The period 2011 to 2013 is indeed shown as a bearish period. These bearish periods can either result in a significant sell off or overall sideways movement. I completed the research on my cycle in early 2011 and calling for a 2011 high turning point was the first forecast that I made using my cycle. When I completed the manuscript for my book prior to it being published I kept the original forecast as that is the best forecast based on 100 years of history. I am well aware that the bullish periods are 4.4 years and this has worked out well in the period 2009 to 2013. However based on my study of the 1970s and 1940s I stated in my book, published in March 2013, that this period would see a significant buying opportunity that would be the last major low of the secular bear market and offer a great place to buy in order to ride the next great bull market in stocks. The August 2011 low may be the low of this period, as I specifically say in my book that the low sometimes occurs at the beginning of the period, or the low could be ahead of us. But I do think, based on my research, the nominal low for this 17.6 year bear market was reached in 2009 and we are not headed for those levels again.

    I remain alert for a significant correction ahead as the US/UK markets have become historically overvalued (using CAPE) and exuberance and leverage abound based on QE addiction. Sustainable secular bull markets are not built on emergency central bank policies, stagnant wages, stubbornly high unemployment (specifically youth unemployment) and artificially low interest rates. Don’t get me wrong, I understand the need for central bank intervention, I just don’t think this is a healthy bull market in stocks.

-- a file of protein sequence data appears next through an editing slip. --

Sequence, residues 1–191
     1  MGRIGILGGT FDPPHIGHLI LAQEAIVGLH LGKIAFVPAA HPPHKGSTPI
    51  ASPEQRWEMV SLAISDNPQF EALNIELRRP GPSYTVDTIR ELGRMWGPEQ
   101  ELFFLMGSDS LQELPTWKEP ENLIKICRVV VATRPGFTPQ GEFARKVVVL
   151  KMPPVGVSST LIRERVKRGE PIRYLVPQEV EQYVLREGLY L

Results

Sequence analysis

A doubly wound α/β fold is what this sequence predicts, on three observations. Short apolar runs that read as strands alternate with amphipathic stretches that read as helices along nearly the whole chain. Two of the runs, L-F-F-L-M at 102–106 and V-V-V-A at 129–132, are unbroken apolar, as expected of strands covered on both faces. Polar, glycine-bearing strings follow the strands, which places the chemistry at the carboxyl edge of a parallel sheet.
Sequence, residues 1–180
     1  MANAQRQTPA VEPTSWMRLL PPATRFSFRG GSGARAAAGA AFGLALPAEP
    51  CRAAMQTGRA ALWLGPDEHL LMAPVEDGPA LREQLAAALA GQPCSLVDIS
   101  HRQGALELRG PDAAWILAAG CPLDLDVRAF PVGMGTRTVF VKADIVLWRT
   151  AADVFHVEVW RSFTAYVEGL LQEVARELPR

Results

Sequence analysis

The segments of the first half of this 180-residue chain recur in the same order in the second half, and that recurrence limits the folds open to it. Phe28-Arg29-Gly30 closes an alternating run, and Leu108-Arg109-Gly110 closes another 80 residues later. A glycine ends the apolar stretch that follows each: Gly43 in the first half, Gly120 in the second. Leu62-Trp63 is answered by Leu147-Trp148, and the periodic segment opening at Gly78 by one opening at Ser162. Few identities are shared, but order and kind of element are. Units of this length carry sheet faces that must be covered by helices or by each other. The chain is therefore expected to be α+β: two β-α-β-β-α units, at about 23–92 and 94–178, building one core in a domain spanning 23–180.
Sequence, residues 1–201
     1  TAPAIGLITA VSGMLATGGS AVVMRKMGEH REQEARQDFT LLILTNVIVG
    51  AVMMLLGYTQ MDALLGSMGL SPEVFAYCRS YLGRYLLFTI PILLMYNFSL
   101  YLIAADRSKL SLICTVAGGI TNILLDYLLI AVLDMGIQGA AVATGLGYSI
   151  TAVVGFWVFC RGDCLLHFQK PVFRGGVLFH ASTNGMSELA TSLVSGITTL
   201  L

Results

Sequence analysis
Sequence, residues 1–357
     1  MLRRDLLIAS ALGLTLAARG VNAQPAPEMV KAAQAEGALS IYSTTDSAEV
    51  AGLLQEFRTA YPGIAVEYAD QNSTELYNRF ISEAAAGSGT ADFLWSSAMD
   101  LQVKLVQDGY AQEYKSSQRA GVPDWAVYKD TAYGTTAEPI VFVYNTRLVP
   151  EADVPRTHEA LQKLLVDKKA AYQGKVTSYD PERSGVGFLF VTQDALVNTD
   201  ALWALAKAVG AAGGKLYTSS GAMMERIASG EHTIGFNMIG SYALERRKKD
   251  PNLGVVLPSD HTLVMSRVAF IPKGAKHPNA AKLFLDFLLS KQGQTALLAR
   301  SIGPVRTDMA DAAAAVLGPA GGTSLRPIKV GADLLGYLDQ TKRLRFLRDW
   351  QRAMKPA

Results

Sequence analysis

Whilst completing my book I came across an article from 1999 by Warren Buffet in Fortune magazine, Buffett talks about his expectations from stocks over the next 17 years and discusses past performance for other 17 year periods such as 1981 to 1999 and 1965 to 1981. Buffett stated that he expected a 4% annual real return, at best, until 2017. Why does Buffett specifically mention 17 years, why not 15 year or 19 years? Also Buffett rarely mentions his outlook for the future; I believe he was ringing the bell at the top.

    http://money.cnn.com/magazines/fortune/fortune_archive/1999/11/22/269071/index.htm

    Back in 1966 Buffet closed his partnership to new money in 1966 as he grew concerned about elevated stock prices and he liquidated it completely in 1969 because he felt that he was unable to find any bargains in the market. I’d argue that Buffett is a market timer as well as a value investor.

    I know this sounds crazy to people who are unfamiliar with cycles, and cycles are not to be used in isolation either, but I started on this journey when I was reading Hot Commodities by Jim Rogers. Rogers mentions the commodity cycle of 17/18 years that goes back hundreds of years. He sites the excellent research of Barry Bannister from 2002 where Bannister argues that we are in a new secular commodities bull market that will end in 2015, driven by long term underinvestment and supply issues.

    http://www.upsecurities.com/resources/documents/commodities/LM%20The%20Inflation%20Cycle%202002-2025%204-19-02.pdf

    I have obviously used the cycle to try and paint a picture of what the future may look like and there are other audacious claims in my book such as the gold/commodity markets will peak in 2015 and we are just in a final cyclical bear market within the long term commodities bull market. Also I think that the next secular bull market in stocks will take us to Dow 100,000 in 2035 before we see another 17.6 year bear market, driven by a new 17.6 year commodities bull.

    We have made new nominal highs in most stock markets but the real return after inflation is still negative, excluding dividends. I am expecting the end of the secular bear market in stocks, in real terms, to be 2018 and I anticipate a return of inflation to get us there and finally force the Fed’s hand on QE.

    Have a great weekend,

    Kerry